My Dear Hamilton: a Novel of Eliza Schuyler Hamilton.


I just finished this historical fiction jointly authored by Stephanie Dray and Laura Kamoie. It has consumed me for several weeks. Hence the gap in my postings. With my first attempt at this genre, Panama Goldlisters, a work in progress, I have concentrated my reading effort in historical fiction. I did not realize until I downloaded the kindle version of My Dear Hamilton that it was a 700-page tome. But, well worth the time.

Not only is My Dear Hamilton a memorable read that keeps you turning pages, but it is also a gem for anyone interested in writing historical fiction. The authors extensive notes at the end will give you a real picture of why this is a difficult genre. Research, research, research.

Dray and Kamoie chose a unique perspective to write a book as if it were written by Eliza herself, including the prologue and afterword. The authors then expand on their views, and how they researched and wrote the book in an extensive “Interview with the authors.” This section alone is a must for anyone tackling the historical novel genre.

The impetus for the authors stemmed from their seeing the Broadway production Hamilton: An American Musical. In their words, “As historical fiction authors, we were humbled.”

They found tons of material on Hamilton, of course, including Ron Chernow’s definitive biography of Alexander, although, they thought he played little attention to Eliza. They did not find a single biography of her. The most outlandish historical bits: the court martials, riots, plagues, duels, sex scandals, revolutionary balls, and battles, are all real. To interpret her character, motivations, and contributions, however, they had to depend on the letters, and writings of the founding fathers around her.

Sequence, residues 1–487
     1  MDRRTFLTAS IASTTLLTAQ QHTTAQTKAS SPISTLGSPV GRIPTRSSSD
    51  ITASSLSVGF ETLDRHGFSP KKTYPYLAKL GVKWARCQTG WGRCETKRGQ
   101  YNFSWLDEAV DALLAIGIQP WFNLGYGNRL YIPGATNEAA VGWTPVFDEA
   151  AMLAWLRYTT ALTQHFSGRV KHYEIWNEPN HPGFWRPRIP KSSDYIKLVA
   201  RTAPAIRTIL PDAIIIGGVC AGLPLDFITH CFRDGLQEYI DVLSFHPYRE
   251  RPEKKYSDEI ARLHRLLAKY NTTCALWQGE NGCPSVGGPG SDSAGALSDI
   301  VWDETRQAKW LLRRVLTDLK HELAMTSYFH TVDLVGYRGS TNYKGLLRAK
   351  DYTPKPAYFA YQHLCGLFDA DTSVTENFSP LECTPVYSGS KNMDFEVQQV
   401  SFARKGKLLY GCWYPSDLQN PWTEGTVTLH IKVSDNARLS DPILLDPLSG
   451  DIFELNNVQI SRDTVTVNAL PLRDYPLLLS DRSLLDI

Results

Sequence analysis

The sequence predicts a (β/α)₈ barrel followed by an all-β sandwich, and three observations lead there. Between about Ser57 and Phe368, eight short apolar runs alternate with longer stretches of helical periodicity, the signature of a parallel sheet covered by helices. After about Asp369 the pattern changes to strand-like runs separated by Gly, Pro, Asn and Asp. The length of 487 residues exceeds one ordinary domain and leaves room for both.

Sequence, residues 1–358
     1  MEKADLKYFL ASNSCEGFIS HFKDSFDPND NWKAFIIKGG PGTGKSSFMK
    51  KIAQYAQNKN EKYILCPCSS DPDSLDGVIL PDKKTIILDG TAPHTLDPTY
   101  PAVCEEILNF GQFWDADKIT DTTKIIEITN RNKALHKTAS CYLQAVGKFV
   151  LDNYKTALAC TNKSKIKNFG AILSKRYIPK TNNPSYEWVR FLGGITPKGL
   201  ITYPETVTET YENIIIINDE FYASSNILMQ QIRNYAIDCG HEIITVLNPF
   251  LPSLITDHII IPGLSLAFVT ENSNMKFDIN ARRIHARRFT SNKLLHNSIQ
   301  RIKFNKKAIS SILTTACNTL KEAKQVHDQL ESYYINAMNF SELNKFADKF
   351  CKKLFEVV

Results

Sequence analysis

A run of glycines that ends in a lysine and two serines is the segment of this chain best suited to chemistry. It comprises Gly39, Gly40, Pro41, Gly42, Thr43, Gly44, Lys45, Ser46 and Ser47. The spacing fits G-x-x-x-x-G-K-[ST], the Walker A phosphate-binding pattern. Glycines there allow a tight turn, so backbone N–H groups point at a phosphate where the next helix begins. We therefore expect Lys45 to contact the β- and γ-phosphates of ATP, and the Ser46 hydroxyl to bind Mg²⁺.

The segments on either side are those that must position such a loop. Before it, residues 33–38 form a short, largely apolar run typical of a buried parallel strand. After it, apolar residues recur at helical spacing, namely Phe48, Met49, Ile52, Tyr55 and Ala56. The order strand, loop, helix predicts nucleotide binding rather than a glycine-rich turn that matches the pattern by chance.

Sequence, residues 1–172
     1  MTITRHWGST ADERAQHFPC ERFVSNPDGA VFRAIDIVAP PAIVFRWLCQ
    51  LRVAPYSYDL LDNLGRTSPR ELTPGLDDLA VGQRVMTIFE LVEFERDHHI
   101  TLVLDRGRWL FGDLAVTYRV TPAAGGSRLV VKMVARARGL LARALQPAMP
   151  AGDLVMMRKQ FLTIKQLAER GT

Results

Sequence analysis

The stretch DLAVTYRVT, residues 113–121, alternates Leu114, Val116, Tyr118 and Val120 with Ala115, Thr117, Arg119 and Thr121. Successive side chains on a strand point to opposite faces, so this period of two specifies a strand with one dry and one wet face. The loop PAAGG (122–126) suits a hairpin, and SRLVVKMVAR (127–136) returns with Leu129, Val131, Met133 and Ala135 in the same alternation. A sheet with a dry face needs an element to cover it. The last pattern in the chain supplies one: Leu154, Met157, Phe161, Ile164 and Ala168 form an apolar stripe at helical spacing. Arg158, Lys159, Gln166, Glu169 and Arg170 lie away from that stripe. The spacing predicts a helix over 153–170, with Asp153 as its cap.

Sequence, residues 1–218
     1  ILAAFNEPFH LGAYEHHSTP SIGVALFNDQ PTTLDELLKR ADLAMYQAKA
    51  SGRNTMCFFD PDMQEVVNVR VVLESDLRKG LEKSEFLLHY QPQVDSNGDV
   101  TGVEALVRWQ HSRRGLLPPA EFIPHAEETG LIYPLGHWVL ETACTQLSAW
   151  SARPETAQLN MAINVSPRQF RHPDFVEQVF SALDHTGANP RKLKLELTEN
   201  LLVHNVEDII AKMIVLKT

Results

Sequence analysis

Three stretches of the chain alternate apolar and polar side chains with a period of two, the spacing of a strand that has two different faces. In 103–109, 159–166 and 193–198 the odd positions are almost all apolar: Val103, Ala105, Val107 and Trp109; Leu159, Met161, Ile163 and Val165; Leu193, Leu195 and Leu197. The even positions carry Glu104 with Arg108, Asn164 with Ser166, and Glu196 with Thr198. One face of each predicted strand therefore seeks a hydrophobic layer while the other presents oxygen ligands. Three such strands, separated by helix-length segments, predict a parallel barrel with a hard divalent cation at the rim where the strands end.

Highly recommend this work for your reading pleasure.

Merry Christmas

It is a bit harder to say that this year. With the dearth of uplifting occasions in 2020 to share, thanks to COVID 19. I’m left with a mundane, but heartfelt,

 “Friends, we are well, and hope you are too.

Perhaps 2020 is what recalled my memoir of another not too good year–– 1944. I share my memoir, The Christmas of ’44, on a new menu page, “Short Stories.” You can find it here.

By the way––that year did end well. I have faith, this one will too.

Merry Christmas to all


For God’s sake lets pray for a Happy 2021

Life Events Interfere with Life

Isn’t it weird how life events can somehow interfere with life? I know you have all been there. That’s what happened to me over the last few weeks, some good things, some not so good. I won’t burden you with details, suffice to say my writing routine (if I can even say I have one) has suffered. I must admit I had been struggling with structure to the point it was easier to put my Panama story aside and zone out waiting for the magical inspiration to hit. Finally, with the healing effect of time, I got a handle on structure for a few scenes, and even a few hundred words down on paper. Bumps in the road do go away. Now, Dick, get back to work!

Binge Watch or Work

“Writers stuck at home during the pandemic can either binge more Netflix or get down to work.”

That headline from Carman Amato’s lead article in the November issue of “Booklife” ( the Indy Author version of Publishers’s Weelkly) struck a nerve.

 I can’t claim the pandemic has robbed me of time––I’m retired. I have time-use issues for other reasons. Sure, Amato suggests the overall depressed feeling caused by unsolved pandemic and national leadership doldrums, can be a problem. I get that. Whatever reason, I’ve lost momentum in my effort to get my historic fiction piece onto paper.

The Booklife goes on to quote life coach, Tim Mahr’s, suggestion that “motivation stalls out when tasks become overwhelming.” It’s easier to binge watch than create something new.  So when my crazy sleep pattern gets me up at 2:00 AM, I may think about working, but end up watching another episode of a Netflix program. (I have seen some pretty good stuff, though which makes it easier to justify the value of time spent)

I’ve got to do a better job of breaking down my creative effort into doable chunks, Then sit down and ––Just do it!